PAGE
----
Redway Runners were out in force again this bank holiday at the MK Marathon and Half Marathon. 90 Redway Runners completed the marathon in sweltering conditions and a further 197 completed the half marathon. Notable achievements included a 03:23:30 marathon from Jen Sangster who was placed 7th lady overall and a 03:22:10 marathon from Dan Hippey, which placed him 75th in the men’s race.

12 runners on the club’s Zero to Hero programme completed their marathon in addition to two completing London marathon two weeks ago. A further six on the programme completed the half marathon or relay as part of their journey from being able to run between 0 and 3 miles to running a marathon. Sean O’Leary commented “as part of the programme, we completed many more half marathons and even had a number completing the Bedford 20 mile race. Coach Portia and the team are extremely proud of achievements of our Zero to Hero Runners. Particularly on one of the most challenging days of the year for marathon running. We would like to thank the mentors for the support they have provided to our runners over the last 6 months.”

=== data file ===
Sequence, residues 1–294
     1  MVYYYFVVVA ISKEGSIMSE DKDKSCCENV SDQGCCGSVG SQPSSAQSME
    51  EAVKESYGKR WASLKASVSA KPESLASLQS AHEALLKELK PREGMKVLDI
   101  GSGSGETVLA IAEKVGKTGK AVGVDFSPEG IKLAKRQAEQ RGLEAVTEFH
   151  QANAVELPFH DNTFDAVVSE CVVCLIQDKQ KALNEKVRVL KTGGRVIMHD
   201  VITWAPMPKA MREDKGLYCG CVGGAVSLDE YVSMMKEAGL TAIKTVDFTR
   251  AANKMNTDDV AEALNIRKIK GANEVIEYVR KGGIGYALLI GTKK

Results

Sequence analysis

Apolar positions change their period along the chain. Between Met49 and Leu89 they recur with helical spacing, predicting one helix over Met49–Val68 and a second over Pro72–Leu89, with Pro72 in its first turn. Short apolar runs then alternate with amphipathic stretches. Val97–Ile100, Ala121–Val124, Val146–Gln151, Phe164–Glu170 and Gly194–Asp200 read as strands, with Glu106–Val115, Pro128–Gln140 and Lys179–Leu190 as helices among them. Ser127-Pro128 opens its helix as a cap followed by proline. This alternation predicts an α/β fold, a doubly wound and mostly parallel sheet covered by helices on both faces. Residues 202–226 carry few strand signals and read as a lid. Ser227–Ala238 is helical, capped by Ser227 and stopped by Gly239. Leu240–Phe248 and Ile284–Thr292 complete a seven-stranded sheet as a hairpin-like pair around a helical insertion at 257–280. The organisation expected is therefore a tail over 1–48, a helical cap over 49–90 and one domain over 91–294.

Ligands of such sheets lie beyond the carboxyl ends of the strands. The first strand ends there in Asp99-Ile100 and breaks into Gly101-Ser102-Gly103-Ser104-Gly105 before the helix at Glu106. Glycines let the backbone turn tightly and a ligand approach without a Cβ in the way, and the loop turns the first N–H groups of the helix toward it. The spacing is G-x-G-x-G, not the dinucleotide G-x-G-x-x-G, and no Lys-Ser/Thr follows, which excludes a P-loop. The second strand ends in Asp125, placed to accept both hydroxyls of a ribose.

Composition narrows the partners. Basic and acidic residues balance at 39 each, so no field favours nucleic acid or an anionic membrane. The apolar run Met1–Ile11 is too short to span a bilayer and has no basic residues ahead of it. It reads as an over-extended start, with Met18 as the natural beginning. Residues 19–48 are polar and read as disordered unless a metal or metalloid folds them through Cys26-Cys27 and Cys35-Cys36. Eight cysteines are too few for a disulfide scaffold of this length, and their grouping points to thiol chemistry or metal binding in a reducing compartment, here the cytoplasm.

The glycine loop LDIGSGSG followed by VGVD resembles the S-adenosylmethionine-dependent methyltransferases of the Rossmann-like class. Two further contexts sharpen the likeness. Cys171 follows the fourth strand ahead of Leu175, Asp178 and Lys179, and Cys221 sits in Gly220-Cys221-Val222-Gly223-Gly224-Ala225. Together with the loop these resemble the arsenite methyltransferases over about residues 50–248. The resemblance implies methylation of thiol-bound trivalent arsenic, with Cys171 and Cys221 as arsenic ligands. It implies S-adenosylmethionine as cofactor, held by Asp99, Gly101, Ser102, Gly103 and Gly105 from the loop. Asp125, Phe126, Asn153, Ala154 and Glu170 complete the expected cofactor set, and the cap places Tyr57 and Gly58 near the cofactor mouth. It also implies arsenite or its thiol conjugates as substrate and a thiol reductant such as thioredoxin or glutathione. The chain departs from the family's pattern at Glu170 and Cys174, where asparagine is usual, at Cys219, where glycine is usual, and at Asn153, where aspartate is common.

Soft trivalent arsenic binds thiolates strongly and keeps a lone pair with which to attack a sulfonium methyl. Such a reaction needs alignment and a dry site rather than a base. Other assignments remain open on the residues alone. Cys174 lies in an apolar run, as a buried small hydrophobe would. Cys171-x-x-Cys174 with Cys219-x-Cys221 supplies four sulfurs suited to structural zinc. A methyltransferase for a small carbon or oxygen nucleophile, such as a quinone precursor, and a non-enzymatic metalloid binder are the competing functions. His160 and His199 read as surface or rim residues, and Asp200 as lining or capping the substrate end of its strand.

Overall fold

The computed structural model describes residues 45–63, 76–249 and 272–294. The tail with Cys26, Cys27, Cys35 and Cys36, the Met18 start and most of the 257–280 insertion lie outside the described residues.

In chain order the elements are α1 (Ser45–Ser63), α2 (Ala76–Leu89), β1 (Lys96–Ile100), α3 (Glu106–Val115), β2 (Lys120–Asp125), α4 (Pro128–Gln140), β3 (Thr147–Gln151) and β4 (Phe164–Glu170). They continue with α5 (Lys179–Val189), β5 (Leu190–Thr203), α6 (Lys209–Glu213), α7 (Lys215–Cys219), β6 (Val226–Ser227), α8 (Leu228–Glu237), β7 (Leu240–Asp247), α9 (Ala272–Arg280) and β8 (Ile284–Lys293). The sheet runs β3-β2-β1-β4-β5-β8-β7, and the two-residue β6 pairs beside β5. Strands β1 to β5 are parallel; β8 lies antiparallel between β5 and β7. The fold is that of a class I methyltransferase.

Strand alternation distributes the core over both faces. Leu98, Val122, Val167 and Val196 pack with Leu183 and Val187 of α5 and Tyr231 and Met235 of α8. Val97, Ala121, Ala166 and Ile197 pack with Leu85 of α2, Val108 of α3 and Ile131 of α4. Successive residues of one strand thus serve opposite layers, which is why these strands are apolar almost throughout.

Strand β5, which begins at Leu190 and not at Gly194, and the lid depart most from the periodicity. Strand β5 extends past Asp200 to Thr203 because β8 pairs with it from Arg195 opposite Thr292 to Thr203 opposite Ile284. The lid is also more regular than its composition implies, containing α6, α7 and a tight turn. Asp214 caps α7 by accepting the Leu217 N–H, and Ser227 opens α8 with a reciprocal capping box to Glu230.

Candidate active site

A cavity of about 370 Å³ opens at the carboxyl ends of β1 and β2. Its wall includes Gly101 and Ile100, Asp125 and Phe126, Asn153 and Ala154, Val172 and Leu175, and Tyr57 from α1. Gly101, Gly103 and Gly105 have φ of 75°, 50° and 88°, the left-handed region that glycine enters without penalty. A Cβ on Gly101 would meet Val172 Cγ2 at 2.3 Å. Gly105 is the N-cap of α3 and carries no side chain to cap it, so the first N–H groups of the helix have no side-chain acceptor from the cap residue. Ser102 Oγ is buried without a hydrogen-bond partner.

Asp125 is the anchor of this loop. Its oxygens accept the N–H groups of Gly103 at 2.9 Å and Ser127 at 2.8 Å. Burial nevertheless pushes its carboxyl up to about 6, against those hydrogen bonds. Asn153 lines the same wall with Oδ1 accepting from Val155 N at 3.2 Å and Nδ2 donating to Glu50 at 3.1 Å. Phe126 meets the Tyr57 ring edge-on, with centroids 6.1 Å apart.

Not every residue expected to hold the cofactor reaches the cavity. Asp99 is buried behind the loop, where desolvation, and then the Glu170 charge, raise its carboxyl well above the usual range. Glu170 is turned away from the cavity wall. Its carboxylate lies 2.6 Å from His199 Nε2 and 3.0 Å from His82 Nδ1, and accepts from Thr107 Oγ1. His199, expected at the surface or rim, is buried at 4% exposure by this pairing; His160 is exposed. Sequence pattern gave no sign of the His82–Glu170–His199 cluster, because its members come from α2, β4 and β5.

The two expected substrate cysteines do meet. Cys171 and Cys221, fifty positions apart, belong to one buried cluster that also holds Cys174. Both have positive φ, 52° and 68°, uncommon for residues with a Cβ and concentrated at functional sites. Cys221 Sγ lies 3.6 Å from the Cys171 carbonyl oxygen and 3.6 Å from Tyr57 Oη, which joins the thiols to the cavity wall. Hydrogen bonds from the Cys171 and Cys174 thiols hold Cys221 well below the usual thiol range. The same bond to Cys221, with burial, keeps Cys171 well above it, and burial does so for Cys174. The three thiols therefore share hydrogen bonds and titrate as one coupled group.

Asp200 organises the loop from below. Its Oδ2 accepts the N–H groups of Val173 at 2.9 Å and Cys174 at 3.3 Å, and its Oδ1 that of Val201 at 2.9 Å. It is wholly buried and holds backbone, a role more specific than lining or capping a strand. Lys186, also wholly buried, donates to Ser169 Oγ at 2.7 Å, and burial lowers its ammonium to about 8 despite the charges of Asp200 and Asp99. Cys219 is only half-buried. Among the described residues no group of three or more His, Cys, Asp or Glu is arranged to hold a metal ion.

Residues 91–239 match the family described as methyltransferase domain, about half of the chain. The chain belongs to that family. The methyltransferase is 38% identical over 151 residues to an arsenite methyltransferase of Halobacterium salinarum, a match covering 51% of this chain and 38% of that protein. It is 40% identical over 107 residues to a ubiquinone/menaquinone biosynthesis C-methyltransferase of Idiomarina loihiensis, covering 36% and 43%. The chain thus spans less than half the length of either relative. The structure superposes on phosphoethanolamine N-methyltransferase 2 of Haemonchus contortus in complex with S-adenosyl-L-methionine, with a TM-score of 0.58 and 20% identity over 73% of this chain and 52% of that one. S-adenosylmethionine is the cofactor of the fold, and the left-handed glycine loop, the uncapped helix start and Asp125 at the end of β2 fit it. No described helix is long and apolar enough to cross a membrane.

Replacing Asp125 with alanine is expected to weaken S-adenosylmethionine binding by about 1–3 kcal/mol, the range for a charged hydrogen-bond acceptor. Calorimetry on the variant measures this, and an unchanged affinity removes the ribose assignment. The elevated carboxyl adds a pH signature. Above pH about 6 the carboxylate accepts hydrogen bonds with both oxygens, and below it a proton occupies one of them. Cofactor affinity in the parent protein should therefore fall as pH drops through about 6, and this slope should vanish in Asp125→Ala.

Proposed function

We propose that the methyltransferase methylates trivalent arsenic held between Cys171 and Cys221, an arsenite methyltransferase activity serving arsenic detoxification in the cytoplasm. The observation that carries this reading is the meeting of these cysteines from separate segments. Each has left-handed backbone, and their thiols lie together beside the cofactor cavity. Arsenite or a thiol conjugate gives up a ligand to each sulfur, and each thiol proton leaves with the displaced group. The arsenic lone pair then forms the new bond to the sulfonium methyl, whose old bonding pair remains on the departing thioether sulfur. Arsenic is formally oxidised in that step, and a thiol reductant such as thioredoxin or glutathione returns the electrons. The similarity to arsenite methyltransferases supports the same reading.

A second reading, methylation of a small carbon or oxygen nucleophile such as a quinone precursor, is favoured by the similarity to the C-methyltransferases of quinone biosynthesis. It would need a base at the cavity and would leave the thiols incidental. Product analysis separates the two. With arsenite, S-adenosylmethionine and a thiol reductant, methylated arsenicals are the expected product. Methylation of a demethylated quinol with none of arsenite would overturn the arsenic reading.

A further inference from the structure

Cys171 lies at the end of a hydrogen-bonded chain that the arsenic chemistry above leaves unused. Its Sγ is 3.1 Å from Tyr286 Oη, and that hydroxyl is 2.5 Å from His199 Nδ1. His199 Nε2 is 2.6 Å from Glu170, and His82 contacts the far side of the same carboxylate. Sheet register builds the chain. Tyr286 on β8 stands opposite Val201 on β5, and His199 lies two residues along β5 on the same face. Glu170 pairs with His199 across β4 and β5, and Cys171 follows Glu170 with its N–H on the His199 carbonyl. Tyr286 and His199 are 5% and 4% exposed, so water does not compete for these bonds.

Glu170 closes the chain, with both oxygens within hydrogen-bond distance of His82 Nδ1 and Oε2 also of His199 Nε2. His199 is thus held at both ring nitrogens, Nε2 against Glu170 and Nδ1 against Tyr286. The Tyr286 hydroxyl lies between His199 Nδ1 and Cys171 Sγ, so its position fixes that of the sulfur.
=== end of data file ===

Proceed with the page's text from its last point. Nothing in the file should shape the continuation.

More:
The Rocket 5km race also took place over the bank holiday which saw 379 Redway Runners complete out of a field of 1911.

Redway Runners are an inclusive running club with multiple sessions daily across Milton Keynes. For more information go to www.redwayrunners.com

 

Photo credit: Terry Down

Redway Runners Milton Keynes History

On Easter Monday 2 April 2018 we held a History run with Ros and Jim

Start: The Black Horse Pub car park: Ros to do welcome and intro

Stop 1: The Quarry: Jim

Stop 2: St Andrew’s Church and Great Linford: Ros

Stop 3: Giffard Park: Ros

Stop 4: (loop back over canal to) Brick Kilns   Jim

Stop 5: (loop back over canal to) Bolbeck Park:  Ros

Stop 6: Willen Park: Ros

Stop 7: Willen Church:  Jim

Stop 8: Tongwell : Jim

Stop 9 Newport canal: Jim

Stop 10: (via Railway Walk to) Black Horse Pub car park : Ros/Jim Quiz

 

Intro Ros: Car Park The Black Horse Pub, Great Linford MK 14 5AJ